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In California, it is unlawful to harass an applicant or employee based on their sex. When harassment includes unwanted sexual advances, requests or demands for sexual favors, or any other verbal or physical harassment of a sexual nature, it is considered sexual harassment If you have been a victim of sexual harassment in Los Angeles, California, contact Panish, Shea and Boyle, LLP for a free and confidential consultation. Our attorneys have significant experiences handling sexual harassment cases and can help you in your fight for justice.
What is Sexual Harassment?
The United States Equal Employment Opportunity Commission (EEOC) handles workplace sexual harassment claims at the federal level and defines sexual harassment as any comments, gestures, statements, requests, or other verbal conduct of a sexual nature, that makes a workplace intimidating, offensive, or hostile.
Sexual harassment may include:
- An actual or attempted rape or sexual assault.
- Requests or pressure for sexual favors.
- Unwanted deliberate touching, leaning over, cornering, or groping. This can include kissing, hugging, patting or stroking.
- Unwanted sexual looks or gestures. Including licking lips, winking, blowing kisses and other facial expressions.
- Sexual remarks, jokes, or questions.
- Unwanted letters, telephone calls, or materials of a sexual nature.
- Pressure for dates, especially if repeated.
- Referring to an adult as a girl, hunk, doll, babe, or honey.
- Whistling at or cat calling someone.
- Turning work discussions to sexual topics.
- Sexual innuendos.
- Stories of a sexual or suggestive nature.
- Sexually suggestive hand or body movements.
- Personal questions about social or sexual life, including sexual preference or sexual history
- Sexual comments about a person’s clothing, body, or looks.
- Unwanted neck or back massage.
- Purposefully standing close to or brushing up against a person.
- Touching an employee’s clothing, hair, or body without their consent.
- Touching or rubbing oneself sexually around another person.
- Elevator eyes.
- Among many, many others.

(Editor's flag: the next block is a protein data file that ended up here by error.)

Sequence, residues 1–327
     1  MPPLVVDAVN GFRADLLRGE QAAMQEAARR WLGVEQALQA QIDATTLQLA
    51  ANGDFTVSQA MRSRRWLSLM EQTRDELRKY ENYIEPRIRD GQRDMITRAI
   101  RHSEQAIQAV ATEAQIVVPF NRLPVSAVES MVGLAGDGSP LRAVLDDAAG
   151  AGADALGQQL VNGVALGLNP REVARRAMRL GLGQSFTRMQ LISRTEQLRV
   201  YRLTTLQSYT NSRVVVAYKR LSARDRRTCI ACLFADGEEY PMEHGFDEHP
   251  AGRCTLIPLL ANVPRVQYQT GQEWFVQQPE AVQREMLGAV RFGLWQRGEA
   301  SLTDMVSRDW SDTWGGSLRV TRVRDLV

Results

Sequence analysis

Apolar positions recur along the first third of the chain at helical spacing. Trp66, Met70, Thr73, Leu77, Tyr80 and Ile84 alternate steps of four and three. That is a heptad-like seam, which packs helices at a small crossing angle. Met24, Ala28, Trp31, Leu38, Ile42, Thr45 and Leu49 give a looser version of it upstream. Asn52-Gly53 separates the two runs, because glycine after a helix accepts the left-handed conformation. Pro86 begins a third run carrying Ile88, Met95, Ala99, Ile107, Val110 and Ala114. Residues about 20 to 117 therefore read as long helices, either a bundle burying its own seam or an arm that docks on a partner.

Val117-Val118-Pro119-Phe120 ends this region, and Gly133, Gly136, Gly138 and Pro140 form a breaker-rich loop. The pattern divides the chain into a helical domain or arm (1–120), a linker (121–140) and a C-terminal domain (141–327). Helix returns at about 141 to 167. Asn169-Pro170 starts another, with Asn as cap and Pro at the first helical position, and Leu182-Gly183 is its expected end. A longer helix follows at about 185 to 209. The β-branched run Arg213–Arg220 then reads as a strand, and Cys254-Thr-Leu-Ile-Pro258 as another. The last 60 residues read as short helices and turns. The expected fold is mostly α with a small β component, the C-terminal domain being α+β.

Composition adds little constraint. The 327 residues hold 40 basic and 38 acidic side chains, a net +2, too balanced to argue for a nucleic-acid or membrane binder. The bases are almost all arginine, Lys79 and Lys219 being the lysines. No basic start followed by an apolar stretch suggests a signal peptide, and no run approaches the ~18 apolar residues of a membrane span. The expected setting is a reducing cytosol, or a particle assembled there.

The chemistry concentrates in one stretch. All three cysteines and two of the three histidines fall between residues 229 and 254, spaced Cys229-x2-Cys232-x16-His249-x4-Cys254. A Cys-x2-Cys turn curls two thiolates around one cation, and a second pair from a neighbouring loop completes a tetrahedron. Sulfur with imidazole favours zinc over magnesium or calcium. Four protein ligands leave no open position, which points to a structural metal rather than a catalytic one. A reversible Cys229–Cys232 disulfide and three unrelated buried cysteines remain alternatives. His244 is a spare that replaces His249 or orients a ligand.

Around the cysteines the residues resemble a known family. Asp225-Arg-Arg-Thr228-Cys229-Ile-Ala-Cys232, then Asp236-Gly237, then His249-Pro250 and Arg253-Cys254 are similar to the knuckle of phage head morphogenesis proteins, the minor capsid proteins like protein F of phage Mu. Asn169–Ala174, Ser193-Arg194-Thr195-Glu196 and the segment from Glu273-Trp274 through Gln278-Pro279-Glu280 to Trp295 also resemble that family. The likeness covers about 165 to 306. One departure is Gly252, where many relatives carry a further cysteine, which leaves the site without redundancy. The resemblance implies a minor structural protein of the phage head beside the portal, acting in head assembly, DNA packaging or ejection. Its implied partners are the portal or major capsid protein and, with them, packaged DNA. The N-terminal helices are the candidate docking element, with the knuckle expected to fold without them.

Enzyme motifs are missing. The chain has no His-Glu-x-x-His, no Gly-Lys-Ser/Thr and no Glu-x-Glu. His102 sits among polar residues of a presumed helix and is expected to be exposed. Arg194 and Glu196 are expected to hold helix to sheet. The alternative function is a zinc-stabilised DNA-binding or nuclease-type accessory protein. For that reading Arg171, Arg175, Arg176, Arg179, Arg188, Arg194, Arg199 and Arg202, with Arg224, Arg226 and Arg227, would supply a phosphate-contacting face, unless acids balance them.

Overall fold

In addition to the behavior, several criteria qualify an incident as a case of sexual harassment:
- The behavior in question must be unwelcome.
- The sexes of the offender and the victim are irrelevant. Victims and harassers may be of the same sex or opposite sexes.
- The harasser may be a coworker, third-party non-employee, supervisor, or member of another area of the organization.
- Unlawful sexual harassment does not require economic injury to the victim or discharge from employment to qualify for legal action.
- The victim may not be the recipient of the harassing behavior, but anyone who witnesses the behavior and feels affected by it.
Sexual Harassment and Employer Retaliation
The EEOC recommends that victims of sexual harassment take steps on their own to stop such behavior before seeking legal action. Among these recommendations are asking the harasser to stop, then, if the harasser does not stop when asked, pursuing an internal investigation through the organization’s Human Resources department.
Often times, however, bringing attention to a coworker or boss’s behavior may lead to adverse retaliatory action. This can include an increase in the frequency and severity of the harassment, relocation, reduction of scheduled hours, demotion or even termination. Therefore, anyone experiencing sexual harassment in the workplace is encouraged to document the behavior and any steps taken to curtail it, then speak with an attorney as soon as possible.
Why Should I Pursue a Civil Claim?
While criminal prosecution seeks to punish criminal offenders, civil claims work in pursuit of justice and compensation for victims. They also help to ensure that the offender does not engage in similar behaviors ever again. If you have experienced sexual harassment at work and have already asked the harasser to stop and going up the chain of command in your organization has not worked, you only recourse may be filing a civil lawsuit. The behavior of your harasser may have caused you undue financial stress and hardship, affected your career prospects, and even inflicted significant physical, mental and emotional damage. Especially in cases where you experienced retaliatory action, the business or organization that you worked for may be protecting your harasser and allowing him or her to continue the unlawful behavior.
Federal and State Sexual Harassment Laws
The EEOC enforces a 180-day statute of limitations for sexual harassment claims. This means the victim has 180 days from the date of an incident of harassment to file an EEOC claim. If there is a state law in place restricting the harassing behavior in question (California follows such a law), this window may extend to 300 days. Federal employees have a much stricter statute of limitations to meet and only have 45 days to contact an EEOC counselor.
This strict and tight timelines mean that it is extremely important to speak with a Los Angeles sexual harassment attorney as soon as possible. Failing to do so may limit or prevent you from seeking compensation at all.
Sexual Harassment Statistics